Dot slugged back a glass of that, no ice. She and Marisella exchanged numbers. “So you can call me,” Dot told her. “You know, in case you need anything.” Marisella just nodded and escorted her out. She’d probably call Dot sooner or later. She just had too much on her mind right now.

Marisella went back into the bathroom. The baby glup lay curled on itself in her toothbrush mug, exhausted.

Such a simple shape it had. Slimy greenish–black, shiny and uncomfortably, organically slug–shaped. It had gone all bumpy and dull, and it seemed to be humming; vague notes almost too low for Marisella to hear. A small, sad eye materialized out of the mass of it and stared glumly at Marisella.

Marisella didn’t care if she were part of a greater plan. Life was too good. There were hot butch plumbers around, and so many new things to try. She didn’t want to die, not ever.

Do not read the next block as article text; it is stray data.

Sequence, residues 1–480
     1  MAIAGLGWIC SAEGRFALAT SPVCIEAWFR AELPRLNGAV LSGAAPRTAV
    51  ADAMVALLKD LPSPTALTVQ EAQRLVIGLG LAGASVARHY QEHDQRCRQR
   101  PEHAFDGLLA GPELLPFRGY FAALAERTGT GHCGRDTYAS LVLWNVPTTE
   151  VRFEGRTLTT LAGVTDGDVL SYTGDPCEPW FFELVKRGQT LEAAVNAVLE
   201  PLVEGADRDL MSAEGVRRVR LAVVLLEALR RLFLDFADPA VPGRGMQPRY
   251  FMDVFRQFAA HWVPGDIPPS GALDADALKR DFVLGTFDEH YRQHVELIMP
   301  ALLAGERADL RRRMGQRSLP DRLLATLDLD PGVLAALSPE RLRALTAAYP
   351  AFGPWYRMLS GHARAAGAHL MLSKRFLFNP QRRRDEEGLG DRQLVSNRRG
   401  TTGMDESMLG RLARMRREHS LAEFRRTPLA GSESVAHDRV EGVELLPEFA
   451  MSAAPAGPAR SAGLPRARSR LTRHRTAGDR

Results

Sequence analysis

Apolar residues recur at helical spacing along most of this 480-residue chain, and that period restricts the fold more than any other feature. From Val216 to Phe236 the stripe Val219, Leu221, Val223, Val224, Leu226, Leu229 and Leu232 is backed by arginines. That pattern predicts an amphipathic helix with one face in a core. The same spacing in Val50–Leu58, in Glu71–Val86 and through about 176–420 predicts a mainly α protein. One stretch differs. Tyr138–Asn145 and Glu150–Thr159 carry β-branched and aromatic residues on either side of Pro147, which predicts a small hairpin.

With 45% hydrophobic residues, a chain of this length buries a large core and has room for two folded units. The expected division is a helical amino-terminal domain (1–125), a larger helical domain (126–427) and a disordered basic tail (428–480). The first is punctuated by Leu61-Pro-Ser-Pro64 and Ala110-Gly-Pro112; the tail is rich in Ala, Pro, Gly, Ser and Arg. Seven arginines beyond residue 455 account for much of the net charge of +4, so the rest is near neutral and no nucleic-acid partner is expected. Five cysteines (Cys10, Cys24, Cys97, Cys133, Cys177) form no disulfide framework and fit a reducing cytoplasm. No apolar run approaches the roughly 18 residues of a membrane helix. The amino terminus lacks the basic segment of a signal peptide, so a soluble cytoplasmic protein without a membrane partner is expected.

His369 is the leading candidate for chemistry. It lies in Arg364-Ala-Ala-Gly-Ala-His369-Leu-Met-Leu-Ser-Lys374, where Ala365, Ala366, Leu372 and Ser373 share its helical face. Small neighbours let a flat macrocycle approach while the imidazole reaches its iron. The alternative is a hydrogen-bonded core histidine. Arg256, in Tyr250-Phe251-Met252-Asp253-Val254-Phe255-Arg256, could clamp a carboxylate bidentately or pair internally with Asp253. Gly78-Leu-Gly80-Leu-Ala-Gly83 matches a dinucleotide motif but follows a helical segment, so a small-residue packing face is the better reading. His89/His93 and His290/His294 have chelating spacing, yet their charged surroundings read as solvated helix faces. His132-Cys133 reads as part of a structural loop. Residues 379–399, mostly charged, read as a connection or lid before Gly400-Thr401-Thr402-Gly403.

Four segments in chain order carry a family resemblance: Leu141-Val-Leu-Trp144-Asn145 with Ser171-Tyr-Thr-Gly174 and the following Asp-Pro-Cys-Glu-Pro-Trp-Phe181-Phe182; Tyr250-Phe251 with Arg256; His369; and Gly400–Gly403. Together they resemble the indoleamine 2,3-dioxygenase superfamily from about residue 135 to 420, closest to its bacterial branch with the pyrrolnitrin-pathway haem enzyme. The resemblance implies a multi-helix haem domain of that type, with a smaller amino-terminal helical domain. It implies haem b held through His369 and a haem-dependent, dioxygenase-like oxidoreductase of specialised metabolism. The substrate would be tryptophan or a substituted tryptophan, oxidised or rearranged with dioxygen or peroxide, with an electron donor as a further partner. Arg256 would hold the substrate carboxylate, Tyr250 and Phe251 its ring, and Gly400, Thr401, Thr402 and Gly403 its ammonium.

Dot said that whatever consumed an immortal glup became immortal.

She took a deep breath and picked up the mug. It was heavier than she expected.

Raw, or stir–fried with some nice onions, maybe in a cream sauce? Maybe invite Dot to dinner?

She took the glup to the kitchen.

(Editors’ Note: “Can’t Beat ‘Em” is read by Amal El–Mohtar on the Uncanny Magazine Podcast Episode 13B.)

Nalo Hopkinson

Nalo Hopkinson was born in Jamaica, and went on to live in Guyana, Trinidad, and Canada. She is a recipient of the Campbell, the World Fantasy, the Sunburst, and the Andre Norton Awards. She is a professor of Creative Writing at the University of California Riverside. She believes food is a very good idea.